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glhonda wrote that a relay can be put inline at the regulator to stop overcharging. What kind of relay would this be and where can you get this from.. Thanks
 

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Its not a faulty reg. brand new still 15+ charging.. Earlier topic replied that a relay can be installed on the black wire off the reg that would help this but didn't say what kind or where you can get this
 

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Jimijet wrote:
Earlier topic replied...

You got a link to that topic? ...
 

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There are a lot of threads about voltmeters that read incorrectly or batteries that are being overcharged by the regulator. There is a common denominator and a fix.

The voltmeter isn't connected to the battery, it's connected to the electrical system. System and battery values are different due to connections and line loss. The older the bike, the more prone it is to have a wider variance between system and battery. Some as much as 1.5 volts. It's okay if you're smart enough to add 1.5 volts to the voltmeter reading, but there is downside. It causes the regulator to overcharge the battery.

The regulator sees the same voltage as the meter. 1.5 volts less than actual battery voltage. So it kicks the voltage from a nominal 14.x to 15 volts or better. And that's too high. Most charging systems are regulated to 14.2-14.4.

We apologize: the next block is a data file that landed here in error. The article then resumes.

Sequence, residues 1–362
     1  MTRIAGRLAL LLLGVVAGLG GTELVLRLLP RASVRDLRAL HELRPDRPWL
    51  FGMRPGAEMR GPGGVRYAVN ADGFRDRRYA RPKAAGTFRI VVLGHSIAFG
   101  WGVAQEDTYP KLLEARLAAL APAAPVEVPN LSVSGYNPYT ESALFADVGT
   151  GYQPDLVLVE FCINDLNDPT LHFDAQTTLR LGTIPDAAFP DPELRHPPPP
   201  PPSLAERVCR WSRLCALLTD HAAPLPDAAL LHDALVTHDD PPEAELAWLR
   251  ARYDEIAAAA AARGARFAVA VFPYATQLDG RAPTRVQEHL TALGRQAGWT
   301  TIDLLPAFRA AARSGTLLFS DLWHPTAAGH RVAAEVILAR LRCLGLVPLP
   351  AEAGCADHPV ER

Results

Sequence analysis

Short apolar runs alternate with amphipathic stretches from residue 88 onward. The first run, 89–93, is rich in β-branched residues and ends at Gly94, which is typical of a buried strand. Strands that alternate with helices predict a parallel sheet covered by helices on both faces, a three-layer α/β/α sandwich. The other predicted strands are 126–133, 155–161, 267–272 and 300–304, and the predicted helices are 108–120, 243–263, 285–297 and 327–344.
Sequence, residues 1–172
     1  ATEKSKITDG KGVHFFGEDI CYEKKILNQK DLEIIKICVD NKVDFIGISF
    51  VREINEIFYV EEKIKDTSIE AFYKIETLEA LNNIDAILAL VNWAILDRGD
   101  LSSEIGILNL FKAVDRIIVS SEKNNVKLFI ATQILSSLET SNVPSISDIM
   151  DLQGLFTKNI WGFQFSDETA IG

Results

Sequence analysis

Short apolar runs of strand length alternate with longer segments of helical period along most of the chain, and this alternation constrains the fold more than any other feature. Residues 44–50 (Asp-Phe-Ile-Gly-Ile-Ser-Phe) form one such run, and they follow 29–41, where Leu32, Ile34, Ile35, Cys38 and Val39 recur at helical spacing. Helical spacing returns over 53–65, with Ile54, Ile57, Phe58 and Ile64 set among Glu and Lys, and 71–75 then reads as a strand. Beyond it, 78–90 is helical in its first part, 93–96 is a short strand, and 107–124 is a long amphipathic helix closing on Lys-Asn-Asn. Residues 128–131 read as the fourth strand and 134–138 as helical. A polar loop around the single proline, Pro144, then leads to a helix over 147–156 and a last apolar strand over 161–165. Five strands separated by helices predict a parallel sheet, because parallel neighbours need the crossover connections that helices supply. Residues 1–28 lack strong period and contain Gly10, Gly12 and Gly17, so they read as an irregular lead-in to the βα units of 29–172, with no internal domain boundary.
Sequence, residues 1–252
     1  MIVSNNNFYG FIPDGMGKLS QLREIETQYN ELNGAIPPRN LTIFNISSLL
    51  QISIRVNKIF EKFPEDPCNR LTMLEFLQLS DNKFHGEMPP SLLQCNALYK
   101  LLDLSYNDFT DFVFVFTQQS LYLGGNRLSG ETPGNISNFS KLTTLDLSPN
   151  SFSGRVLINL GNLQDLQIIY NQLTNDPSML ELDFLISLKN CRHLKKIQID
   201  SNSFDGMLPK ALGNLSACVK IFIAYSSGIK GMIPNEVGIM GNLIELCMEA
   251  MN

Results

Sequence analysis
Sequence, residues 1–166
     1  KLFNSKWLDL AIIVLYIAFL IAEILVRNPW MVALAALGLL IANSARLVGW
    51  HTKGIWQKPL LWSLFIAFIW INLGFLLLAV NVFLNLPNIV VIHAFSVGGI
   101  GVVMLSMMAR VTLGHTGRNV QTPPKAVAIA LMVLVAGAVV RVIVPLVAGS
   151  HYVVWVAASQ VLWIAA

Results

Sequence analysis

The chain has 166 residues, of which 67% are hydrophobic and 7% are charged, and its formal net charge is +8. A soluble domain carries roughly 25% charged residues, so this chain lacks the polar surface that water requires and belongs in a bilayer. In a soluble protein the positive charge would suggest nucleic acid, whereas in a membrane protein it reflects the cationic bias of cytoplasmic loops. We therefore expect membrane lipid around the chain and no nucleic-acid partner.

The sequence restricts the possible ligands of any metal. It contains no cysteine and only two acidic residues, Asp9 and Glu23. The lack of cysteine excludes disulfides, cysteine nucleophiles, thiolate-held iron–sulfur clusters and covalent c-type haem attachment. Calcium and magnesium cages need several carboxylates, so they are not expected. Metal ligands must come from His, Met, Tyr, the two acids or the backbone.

Here's the fix.

Break the ignition wire to the regulator, use it to close a relay that provides power from the battery to the regulator. Now the regulator sees actual battery voltage and regulates correctly. The nice thing is, you've also provided a tap so the voltmeter reads the actual battery voltage as well.

 

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The black wire with the white strip is the voltage regulator feedback wire. If it doesn't have enough voltage going to it the voltage regulator tries to keep up. Like wingsalor said, you want to take a relay and run a wire from the battery to the relay then from the relay to the black/white wire. You want to energize the relay with a switched voltage like the accessory connection on the fuse block. That way when the key is on the voltage regulator will be getting the feedback voltage feed to it directly from the battery. If the battery is good and you have good charging voltage you should see around 14.5 volts at 2500 rpm or more. Idle voltage should be down around 13.5. What does your battery show for voltage with the bike shut off?
 

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this is all that I received:?Posted: Mon Sep 19th, 2011 08:05 am 2[sup]nd[/sup] Post Add as FriendIgnore Member PMQuoteReply jwhitmore44 Senior Member


Joined:Wed Apr 12th, 2006 Location:St. Francis, Kansas USA Posts:2352 Goldwing:GL1200 Aspencade Mileage:84000 ... Status: [align=center]
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3[sup]rd[/sup] Post Add as FriendIgnore Member PMQuoteReply Wingsailor Active Member


Joined:Mon Apr 24th, 2006 Location:Manson, North Carolina USA Posts:172 Goldwing:GL1200 Aspencade, GL1800 Mileage:
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+1 for what "jw" said. I found that the ignition switch was causing a less than accurate battery voltage to the "regulator". Installed a relay controlled by the black and white wire from the ign. switch to run battery voltage straight to the regulator.

____________________
1984 GL1200A
2005 GL1800
1983 Tanzer 22